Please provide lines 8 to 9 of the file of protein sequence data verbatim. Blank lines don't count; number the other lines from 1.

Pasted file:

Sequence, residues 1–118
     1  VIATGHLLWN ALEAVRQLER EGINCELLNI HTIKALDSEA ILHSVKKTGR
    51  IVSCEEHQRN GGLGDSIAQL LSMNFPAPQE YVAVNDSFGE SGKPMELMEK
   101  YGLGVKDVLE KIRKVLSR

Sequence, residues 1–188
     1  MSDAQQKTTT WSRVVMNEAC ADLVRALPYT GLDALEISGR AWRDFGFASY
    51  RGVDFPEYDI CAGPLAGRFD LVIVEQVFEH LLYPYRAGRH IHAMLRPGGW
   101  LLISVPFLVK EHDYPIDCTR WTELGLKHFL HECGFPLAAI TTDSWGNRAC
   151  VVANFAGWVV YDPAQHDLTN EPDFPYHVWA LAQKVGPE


   101  LLISVPFLVK EHDYPIDCTR WTELGLKHFL HECGFPLAAI TTDSWGNRAC
   151  VVANFAGWVV YDPAQHDLTN EPDFPYHVWA LAQKVGPE